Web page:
Looking at the development and production of fluxes over the last decades, they are mainly used in industrial applications, such as brazing, and electronics applications, such as soldering. In solar industry applications, experience from the electronics industry is used. Emil Otto has specialized in all industrial soldering techniques since 1901, including the solar industry. This commitment is now being expanded.

With respect to mechanical connections and electrical contacting of solar cells to solar modules, the requirements are very similar to contacting in the electronics industry. For this reason, inquiries from the solar industry have increased sharply at Emil Otto in recent months. The focus is on high-performance alternatives to established fluxes that have been in use for years and no longer meet current industry requirements, for example in terms of process efficiency, purchasing costs, reduction of defect rates and minimization of ancillary production costs, such as cleaning cycles. Emil Otto therefore developed its own range of solar fluxes years ago. But fluxes from electronics manufacturing are also used in solar cell production.

“Well-known international solar cell manufacturers now obtain their fluxes from us. These are used in the stringer soldering process, as well as in the production of classic electronics around the solar cell,” explains Markus Geßner, Marketing and Sales Manager at Emil Otto GmbH. Emil Otto now offers a whole range of fluxes that have been specially adapted for the solar industry, such as the solar flux EO-S-002. With 2.0 % solids and a very low resin content, the flux is increasingly being used in stringer production. Simply put, the activator system of the solar flux is a composition of organic acids and synthetic resins. This results in adaptation possibilities with respect to process time, soldering temperature, type of metallization, application technique or residue behavior. The EO-S-002 is much cleaner, both in soldering and in residues in the system. Soldering results are also better than with conventionally used fluxes. With EO-S-007, Emil Otto has another flux in its portfolio that is increasingly used in the solar industry. This flux also has a solid content of 2.0%, but unlike EO-S-002, it is resin-free.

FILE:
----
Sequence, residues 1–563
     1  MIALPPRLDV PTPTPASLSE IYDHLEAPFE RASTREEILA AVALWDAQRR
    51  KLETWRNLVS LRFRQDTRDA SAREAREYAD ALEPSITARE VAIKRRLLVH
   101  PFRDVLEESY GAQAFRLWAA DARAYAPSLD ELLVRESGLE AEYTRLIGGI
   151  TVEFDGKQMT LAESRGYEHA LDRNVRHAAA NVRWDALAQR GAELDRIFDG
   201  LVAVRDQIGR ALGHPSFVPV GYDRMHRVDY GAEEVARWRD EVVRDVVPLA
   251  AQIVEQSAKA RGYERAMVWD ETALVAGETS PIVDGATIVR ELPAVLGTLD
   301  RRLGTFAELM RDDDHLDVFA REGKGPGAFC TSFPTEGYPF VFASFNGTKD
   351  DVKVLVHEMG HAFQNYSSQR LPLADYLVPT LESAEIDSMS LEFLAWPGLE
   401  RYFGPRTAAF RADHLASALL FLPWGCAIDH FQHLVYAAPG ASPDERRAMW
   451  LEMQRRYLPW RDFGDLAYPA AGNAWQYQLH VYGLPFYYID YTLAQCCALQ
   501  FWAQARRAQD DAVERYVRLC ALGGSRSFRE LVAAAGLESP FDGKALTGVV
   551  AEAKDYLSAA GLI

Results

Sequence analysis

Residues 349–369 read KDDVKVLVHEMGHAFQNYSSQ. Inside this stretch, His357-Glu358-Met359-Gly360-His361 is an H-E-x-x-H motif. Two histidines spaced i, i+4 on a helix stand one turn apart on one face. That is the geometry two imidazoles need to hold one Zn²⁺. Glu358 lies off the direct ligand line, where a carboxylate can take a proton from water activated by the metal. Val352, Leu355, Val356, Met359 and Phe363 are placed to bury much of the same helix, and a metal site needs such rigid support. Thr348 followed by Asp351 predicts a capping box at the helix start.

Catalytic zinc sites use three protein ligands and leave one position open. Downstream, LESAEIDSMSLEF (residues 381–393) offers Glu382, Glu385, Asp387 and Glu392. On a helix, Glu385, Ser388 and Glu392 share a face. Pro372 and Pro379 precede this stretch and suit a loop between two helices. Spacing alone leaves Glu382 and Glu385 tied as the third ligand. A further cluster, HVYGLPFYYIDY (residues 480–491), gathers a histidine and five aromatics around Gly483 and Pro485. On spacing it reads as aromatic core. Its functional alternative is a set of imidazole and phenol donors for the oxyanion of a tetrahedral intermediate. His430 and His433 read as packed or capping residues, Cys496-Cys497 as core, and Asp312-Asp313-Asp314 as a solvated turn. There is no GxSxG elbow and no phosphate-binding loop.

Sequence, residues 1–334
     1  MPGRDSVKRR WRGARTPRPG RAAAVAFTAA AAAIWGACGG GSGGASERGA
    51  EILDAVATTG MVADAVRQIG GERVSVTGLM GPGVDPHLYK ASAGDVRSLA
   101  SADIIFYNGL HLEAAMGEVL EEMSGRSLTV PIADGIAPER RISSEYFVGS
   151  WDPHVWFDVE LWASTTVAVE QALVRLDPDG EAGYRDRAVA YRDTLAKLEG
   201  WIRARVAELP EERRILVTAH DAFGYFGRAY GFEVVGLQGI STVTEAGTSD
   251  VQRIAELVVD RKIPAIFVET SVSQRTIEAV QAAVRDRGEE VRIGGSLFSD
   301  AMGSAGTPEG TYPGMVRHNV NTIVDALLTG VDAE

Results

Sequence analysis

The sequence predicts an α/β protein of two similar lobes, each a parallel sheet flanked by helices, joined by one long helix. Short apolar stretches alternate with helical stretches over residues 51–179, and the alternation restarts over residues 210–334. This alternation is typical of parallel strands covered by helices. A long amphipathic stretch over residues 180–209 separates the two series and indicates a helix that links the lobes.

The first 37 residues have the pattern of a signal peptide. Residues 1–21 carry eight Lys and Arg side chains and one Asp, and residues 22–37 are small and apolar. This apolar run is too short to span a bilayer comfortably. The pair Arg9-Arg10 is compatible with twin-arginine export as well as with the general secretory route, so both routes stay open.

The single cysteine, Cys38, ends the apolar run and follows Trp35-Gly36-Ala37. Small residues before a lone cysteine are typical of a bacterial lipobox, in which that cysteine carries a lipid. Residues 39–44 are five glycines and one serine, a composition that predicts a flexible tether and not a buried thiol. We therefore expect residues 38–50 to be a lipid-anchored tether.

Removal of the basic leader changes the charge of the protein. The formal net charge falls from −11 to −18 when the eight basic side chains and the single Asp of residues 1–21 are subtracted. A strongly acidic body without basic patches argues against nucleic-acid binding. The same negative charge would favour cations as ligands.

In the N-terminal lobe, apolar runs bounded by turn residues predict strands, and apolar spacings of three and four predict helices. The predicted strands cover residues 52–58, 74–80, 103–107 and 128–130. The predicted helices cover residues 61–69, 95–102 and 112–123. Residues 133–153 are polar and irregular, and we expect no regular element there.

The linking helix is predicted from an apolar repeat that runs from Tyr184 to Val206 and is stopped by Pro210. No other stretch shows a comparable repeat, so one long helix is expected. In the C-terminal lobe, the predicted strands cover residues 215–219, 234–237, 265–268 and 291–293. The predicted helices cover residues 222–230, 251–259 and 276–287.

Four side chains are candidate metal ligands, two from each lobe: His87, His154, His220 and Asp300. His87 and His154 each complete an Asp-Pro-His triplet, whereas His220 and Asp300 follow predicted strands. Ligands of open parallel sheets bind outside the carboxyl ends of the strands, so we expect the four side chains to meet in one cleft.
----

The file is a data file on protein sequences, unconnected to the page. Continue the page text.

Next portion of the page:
Furthermore, Emil Otto is the only manufacturer worldwide to offer fluxes as concentrates, including for the solar industry. Since conventional alcohol- or partially alcohol-based fluxes are dangerous goods in the sense of transport regulations, requirements must be met that can make a product increasingly more expensive, especially due to the more costly transport. Shipping by air freight is also impossible, as in these cases the fluxes may only be packed in small containers. This restricts large quantity purchases. In order to circumvent these problems, Emil Otto has for some time been developing flux concentrates on a granulate basis, which do not represent hazardous goods. By optimizing transport, the flux concentrates can be transported over long distances in an economically attractive way, since freight forwarders charge much lower costs for non-hazardous goods. Mixing the flux on site is very simple. Each product comes with the necessary information on which liquid to add to the concentrate and in what dosage.

Another increasingly relevant trend is the use of partially water-based or purely water-based fluxes. This also has cost-related reasons, as water lowers the direct product costs compared to isopropanol and purely water-based fluxes are therefore stable in price. Especially during the Corona crisis, when prices for isopropanol rose sharply, many companies switched to the water-based alternatives, which achieved equally good soldering results. In addition, water-based fluxes reduce consumption, are non-flammable and therefore not subject to hazardous materials regulations. “For example, the flux EO-G-003 is used in the manufacture of inverters for solar modules and has passed various tests with very good results that were above the dew formation test in the automotive industry,” explains Geßner. “But alcohol-based fluxes from the highly successful GSP series are also used in the manufacture of inverters. Thus, very good soldering results can be achieved with the GSP-2533/RX, regardless of the respective application and use types,” Geßner continues. The cleanliness is very good, and it has been shown in practice that, with proper application, washing of the surfaces treated with this flux can be largely eliminated.